With an uncertain election result looming, the life sciences industry may soon see challenges to Sweden’s traditionally smooth political climate. On September 9, Swedes elect the members of the Swedish Riksdag (Parliament), which in turn will elect a new Prime Minister. The 349 seats in the Swedish Riksdag are allocated through a proportional electoral system.
Traditionally, Swedish politics has been dominated by two blocs, roughly representing the political left (Left Party, Green Party and Social Democrats) and right (Moderate Party, Centre Party, Liberals and Christian Democrats), resembling a two-party system. However, the results of recent opinion polls show the nationalist Sweden Democrats emerging as a potential contender likely to garner an unprecedented share of the vote. The advent of the far-right Sweden Democrats risks shifting the dynamics of Swedish politics by forestalling the possibility of either the traditional left or right being likely to form a majority. In the ensuing coalition-building, the potential for the far-right Sweden Democrats to be political “kingmakers” looms.
The Sweden Democrats have proposed a number of controversial policies, including a referendum to leave the EU. Sweden exiting the EU would risk serious economic disruption including job losses, the threat of GDP decline, and an encumbered trading environment. Liberal Party leader Jan Björklund has speculated that “the consequences for Sweden would most likely be greater than those in Britain, which is a larger and more influential country”.
The threat of poorer access to medicines alongside a more difficult to navigate market access environment demands close attention from the pharmaceutical industry, which continues to grapple with the potential consequences of Brexit. Although Sweden might not be as influential a market as the UK, it nevertheless provides pharmaceutical firms particular market access advantages. These include the flexibility to negotiate regionally appropriate access arrangements as a result of its decentralized system. Various promising international and regional collaborations in the pharmaceutical regulatory environment that began to gain steam in 2018—such as increased Nordic collaboration in pharmaceutical assessments—might not see the light of day in the case of a “Swexit”. Of course, mitigating these concerns is the fact that very few Swedes are in favor of leaving the EU.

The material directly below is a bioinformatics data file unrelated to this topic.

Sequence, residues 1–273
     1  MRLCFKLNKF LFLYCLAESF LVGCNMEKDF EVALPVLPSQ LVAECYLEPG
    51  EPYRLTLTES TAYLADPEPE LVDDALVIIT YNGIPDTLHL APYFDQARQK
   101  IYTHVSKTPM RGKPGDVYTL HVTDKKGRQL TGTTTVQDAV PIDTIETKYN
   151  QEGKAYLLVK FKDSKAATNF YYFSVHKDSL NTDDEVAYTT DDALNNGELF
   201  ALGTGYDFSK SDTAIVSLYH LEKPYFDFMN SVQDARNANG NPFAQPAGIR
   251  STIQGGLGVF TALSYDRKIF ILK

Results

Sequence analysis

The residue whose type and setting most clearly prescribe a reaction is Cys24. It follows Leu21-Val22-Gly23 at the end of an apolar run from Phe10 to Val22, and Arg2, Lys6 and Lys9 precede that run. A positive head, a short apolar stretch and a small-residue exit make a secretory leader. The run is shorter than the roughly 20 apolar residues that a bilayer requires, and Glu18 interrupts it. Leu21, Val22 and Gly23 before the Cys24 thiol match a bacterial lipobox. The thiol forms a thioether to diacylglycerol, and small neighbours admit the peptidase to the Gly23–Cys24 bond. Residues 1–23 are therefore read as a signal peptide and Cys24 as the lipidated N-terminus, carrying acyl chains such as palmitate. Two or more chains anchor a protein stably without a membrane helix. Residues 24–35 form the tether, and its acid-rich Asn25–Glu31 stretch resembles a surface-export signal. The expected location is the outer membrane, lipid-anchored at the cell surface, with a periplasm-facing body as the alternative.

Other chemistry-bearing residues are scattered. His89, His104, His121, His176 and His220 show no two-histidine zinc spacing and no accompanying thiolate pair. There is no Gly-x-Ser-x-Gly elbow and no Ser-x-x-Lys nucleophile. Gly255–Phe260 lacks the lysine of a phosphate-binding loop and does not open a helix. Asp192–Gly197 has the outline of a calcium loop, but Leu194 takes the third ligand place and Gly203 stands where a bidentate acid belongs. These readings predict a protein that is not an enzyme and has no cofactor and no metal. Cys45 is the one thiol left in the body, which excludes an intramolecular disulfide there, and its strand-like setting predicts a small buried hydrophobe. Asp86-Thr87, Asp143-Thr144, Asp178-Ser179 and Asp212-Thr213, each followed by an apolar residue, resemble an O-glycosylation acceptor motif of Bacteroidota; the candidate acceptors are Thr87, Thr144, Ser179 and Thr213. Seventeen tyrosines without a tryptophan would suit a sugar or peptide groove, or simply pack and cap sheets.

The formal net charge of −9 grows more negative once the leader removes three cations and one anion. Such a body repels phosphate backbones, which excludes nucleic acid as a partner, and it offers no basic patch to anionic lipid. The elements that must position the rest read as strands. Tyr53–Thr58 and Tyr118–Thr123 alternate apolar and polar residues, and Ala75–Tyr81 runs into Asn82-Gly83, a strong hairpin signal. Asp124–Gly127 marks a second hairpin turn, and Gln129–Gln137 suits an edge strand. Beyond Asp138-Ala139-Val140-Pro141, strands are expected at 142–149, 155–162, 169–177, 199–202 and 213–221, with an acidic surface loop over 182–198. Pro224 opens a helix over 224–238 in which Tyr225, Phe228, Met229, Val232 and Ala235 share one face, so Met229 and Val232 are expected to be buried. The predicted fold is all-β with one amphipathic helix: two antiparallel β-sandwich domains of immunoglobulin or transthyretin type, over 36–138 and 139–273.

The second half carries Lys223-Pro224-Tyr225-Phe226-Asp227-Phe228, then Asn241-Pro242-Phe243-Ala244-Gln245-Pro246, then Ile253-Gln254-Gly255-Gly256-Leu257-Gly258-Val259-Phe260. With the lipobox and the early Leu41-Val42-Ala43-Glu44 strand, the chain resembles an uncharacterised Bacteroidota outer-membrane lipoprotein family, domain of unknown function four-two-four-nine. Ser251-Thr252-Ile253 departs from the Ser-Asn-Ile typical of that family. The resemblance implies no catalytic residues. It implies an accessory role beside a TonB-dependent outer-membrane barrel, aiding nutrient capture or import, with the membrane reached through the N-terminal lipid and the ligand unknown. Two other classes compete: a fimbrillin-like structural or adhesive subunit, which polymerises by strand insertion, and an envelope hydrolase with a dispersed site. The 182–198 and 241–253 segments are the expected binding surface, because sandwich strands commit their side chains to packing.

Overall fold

The uncertainty around what will follow the elections has left industry with growing concerns. The need for coalition building looks inevitable in the current environment. However, the Sweden Democrats will struggle to form a working coalition with either political bloc, as none of the traditional parties are favor leaving the EU and have expressed disinterest in formally aligning with the more controversial emerging party. Nevertheless, should the Sweden Democrats manage to pull the predicted percentage of the vote, their input will be near impossible to ignore if the new government is to gain the support needed to pass legislation in a divided parliament.
The potential for political gridlock following the upcoming elections could stymie the business climate in Sweden. Depending on how long it takes to form a stable governing bloc, this could lead to unsettling ambiguity for investors and industry alike. There is also a real fear that pronounced ideological divisions could lead to government paralysis, which would further undermine the foundations of recent Swedish economic success. Industry will want to watch the result—and the potential for a drawn out aftermath—very closely.
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